A member of staff from GE Healthcare was visiting the Science and Art of Medicine gallery of the 5th floor of the museum and noticed that their company had recently developed a new updated version of a piece of kit. Fortunately for us, they offered us a model for the Museum’s collections.

Model of a Technetium-99 generator by GE Healthcare

Model of a Technetium-99 generator by GE Healthcare (© GE Healthcare)

The generator produces a radioactive version of the element Technetium-99, used as a tracer in the body. Radioactive tracers are used in nuclear medicine. This is the use of radioactive isotopes to diagnose and treat illness. The radioactive element is injected, swallowed or inhaled and the progress is tracked using a gamma camera or a PET scanner. The radiation received from a tracer is comparable to that of an X-ray.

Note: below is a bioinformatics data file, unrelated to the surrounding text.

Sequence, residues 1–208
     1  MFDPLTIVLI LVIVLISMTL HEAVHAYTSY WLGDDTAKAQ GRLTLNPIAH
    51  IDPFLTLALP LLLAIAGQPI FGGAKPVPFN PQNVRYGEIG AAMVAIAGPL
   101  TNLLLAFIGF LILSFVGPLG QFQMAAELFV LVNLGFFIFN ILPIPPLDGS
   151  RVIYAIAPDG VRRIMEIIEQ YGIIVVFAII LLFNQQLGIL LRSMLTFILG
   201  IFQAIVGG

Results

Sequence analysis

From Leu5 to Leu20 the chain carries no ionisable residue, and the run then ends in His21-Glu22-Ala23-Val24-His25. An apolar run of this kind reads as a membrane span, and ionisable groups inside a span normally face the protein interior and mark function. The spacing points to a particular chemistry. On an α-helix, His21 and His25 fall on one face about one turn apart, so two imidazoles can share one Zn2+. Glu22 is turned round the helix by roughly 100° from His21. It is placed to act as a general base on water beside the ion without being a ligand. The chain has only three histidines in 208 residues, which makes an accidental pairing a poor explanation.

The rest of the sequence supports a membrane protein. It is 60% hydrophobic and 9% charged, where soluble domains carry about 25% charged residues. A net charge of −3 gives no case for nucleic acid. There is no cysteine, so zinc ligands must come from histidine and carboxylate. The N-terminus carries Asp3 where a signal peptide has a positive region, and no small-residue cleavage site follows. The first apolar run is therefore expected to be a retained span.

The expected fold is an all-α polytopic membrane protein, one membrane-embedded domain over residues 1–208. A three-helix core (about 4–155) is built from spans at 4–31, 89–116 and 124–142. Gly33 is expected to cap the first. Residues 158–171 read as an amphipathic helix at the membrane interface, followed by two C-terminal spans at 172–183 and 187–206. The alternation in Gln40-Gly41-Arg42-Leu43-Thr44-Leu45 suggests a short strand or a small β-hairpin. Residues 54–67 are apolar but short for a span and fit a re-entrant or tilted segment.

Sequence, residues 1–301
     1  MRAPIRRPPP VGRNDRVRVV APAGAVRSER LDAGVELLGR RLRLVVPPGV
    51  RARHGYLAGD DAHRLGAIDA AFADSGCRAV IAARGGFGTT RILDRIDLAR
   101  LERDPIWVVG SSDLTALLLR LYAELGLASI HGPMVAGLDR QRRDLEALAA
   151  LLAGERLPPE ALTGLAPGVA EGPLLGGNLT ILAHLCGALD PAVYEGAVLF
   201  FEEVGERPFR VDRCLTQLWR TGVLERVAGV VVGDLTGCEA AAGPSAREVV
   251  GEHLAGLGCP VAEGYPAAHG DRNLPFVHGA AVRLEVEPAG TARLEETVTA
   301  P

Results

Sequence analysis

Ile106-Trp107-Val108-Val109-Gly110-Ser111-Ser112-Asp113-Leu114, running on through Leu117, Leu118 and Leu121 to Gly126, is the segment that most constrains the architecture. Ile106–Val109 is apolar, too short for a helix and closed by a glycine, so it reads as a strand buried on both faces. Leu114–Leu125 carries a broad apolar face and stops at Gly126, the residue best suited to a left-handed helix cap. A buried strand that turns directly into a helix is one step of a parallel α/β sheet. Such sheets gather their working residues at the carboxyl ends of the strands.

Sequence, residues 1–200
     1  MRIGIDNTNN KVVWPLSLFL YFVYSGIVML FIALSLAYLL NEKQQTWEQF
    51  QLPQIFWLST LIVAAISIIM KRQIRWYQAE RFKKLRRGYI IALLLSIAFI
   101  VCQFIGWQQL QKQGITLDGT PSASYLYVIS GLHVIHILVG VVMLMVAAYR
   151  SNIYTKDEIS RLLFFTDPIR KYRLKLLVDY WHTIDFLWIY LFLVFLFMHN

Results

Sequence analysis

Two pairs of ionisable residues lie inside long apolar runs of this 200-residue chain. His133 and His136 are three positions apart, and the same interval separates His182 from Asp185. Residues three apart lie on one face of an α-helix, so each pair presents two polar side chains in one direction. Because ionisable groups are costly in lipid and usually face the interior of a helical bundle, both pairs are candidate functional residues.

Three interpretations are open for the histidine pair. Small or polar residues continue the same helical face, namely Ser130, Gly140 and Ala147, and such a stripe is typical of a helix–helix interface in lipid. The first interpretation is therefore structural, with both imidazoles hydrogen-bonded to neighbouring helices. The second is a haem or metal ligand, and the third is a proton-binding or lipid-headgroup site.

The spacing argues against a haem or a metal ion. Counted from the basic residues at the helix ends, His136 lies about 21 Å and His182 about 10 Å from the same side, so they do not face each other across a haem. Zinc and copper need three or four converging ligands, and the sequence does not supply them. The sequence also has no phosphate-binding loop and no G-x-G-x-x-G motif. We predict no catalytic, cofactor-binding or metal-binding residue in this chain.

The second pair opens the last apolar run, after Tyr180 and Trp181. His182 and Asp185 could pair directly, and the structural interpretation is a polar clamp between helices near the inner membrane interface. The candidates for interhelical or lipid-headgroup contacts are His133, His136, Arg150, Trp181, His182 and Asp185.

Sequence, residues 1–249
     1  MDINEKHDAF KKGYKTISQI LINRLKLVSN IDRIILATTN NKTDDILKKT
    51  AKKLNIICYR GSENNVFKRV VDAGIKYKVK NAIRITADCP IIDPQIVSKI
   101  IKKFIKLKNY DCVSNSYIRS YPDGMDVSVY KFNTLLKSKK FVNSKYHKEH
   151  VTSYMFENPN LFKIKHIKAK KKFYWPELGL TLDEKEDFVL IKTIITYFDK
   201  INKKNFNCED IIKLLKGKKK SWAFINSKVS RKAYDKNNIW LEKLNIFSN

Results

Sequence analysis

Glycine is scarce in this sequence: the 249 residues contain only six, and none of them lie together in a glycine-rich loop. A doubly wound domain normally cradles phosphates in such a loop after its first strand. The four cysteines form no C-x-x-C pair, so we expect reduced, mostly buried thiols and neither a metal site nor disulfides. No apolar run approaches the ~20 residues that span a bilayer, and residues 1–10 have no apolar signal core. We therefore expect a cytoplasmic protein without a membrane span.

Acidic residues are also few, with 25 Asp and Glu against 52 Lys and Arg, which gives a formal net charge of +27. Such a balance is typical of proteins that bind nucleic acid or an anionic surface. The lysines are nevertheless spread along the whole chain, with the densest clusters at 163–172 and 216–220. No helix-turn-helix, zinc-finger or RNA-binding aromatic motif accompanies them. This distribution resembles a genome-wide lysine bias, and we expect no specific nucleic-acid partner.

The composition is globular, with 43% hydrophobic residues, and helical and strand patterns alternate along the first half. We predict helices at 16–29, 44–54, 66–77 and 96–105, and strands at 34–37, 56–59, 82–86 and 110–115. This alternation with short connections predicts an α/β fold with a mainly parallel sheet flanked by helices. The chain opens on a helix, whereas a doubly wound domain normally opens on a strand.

PET Scanner ( Wellcome Images )

Non-radioactive tracers have also been used to image the body. Early versions of tracers include a barium meal drink used with X-rays to show up the guts.

Barium 'Shadow Meal', 1981-595/1 (Science Museum, London)

One of the most commonly used tracers is Technetium-99. One of the problems is that Technetium-99 has a half-life of only 6 hours. So it is transported with a longer lasting isotope Molybdenum-99. Once at the hospital, the isotopes can be separated. This is done by injecting a saline or salt solution which leaves the molybdenum absorbed on the aluminium columns inside.

The designers at GE Healthcare worked in collaboration with hospital staff including radiographers to find out their needs and come up with a design solution. The model has won design awards from the Design Business Association and has also reduced its carbon footprint in the process.

No Laughing Matter

A Scientific Lecture, 1802